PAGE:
They tried repeatedly to trick us into admitting to something we were not - to being spies. But that was hardly surprising. Britons are hated as deeply as Americans by these people.

After a few questions, acceptance

But before and after being driven away blindfolded to a makeshift prison deep in the semidesert landscape outside Kufa, the visitors were left under loose guard at the mosque's main entrance and, for about an hour, inside the courtyard. I answered their battery of questions, about Kuwait, British soldiers in Basra, whether I had been to Israel, whether I was Jewish. My translator, a Palestinian, worked the crowd, persuading them that I was not a spy. Suddenly the ice seemed to crack. Smiles broke out and we were offered a bowl of water, a sign of acceptance.


As night fell, the militiamen and several of the detained Iraqis became visibly more nervous, and tensions rose as all of the detainees pondered what might happen to them if American troops began a nighttime assault on the mosque in an effort to capture Mr. Sadr. What was life like among the mujahideen? To this stranger, they were polite, if suspicious; they gave me their food - sometimes from their plates. They laughed rudely at my awkwardness eating with my fingers, yet they hunted for a spoon. They joked at my discomfort squatting on the floor, but found a crate for me to sit on. And when, one night, a deadly attack was expected they insisted on providing an escort to the safer borders of their territory even though they needed every spare man for the battle.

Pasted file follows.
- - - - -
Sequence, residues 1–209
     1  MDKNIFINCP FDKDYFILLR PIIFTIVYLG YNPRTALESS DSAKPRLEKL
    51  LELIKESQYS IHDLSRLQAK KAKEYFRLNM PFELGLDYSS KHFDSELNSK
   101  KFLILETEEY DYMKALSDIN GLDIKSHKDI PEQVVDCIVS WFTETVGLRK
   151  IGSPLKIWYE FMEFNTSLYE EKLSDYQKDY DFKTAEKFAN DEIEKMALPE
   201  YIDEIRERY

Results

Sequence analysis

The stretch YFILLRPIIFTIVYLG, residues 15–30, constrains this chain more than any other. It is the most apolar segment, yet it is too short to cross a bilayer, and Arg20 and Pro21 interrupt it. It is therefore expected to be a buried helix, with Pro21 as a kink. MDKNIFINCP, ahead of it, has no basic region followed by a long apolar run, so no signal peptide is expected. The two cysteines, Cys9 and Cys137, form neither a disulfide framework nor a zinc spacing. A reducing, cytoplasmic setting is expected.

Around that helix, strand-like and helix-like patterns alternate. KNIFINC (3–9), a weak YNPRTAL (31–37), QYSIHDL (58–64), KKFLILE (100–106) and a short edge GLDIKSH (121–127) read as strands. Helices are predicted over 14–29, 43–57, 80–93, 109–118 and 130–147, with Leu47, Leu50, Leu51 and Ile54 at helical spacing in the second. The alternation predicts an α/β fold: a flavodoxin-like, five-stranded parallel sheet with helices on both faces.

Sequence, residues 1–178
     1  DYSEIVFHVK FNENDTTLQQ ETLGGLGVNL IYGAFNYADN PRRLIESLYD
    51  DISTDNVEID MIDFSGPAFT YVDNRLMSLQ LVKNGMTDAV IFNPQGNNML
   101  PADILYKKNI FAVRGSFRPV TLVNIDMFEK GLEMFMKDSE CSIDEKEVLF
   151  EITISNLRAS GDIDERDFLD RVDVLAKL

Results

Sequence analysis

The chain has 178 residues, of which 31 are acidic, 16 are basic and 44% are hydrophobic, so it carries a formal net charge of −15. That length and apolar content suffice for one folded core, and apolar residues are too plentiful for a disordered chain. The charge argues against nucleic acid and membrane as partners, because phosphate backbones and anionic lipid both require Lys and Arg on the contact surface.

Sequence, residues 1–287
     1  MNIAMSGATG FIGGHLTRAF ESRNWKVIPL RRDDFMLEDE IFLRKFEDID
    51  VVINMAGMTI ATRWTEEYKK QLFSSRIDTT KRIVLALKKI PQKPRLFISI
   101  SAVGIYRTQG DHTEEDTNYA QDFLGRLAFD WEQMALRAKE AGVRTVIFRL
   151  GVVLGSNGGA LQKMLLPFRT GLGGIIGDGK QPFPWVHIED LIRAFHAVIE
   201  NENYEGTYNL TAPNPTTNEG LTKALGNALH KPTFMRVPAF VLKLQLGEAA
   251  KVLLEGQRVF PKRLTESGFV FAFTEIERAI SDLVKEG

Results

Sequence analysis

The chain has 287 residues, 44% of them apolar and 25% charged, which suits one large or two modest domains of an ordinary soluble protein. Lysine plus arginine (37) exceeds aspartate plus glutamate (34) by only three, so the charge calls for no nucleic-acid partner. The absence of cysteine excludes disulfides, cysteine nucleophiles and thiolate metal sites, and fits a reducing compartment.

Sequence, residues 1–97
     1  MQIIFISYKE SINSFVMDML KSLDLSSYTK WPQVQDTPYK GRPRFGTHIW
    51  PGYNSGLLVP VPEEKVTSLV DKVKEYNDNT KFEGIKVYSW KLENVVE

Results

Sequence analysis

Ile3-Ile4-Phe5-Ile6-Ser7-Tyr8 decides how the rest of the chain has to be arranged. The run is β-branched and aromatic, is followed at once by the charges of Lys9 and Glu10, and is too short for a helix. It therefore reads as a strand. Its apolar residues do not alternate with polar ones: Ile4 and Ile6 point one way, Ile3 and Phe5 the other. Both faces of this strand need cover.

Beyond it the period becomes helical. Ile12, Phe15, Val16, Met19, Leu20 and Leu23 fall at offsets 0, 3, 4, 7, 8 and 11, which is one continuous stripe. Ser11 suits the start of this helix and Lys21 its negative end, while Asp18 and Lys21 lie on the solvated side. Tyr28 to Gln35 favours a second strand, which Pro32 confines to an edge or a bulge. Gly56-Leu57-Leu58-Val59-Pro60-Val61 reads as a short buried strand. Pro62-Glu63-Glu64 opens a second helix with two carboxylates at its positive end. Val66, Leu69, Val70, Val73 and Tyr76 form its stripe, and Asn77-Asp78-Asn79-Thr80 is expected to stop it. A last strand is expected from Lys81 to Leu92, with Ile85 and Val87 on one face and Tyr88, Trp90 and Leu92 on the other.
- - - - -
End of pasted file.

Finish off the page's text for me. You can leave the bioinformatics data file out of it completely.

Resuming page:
General Message: Hatred of America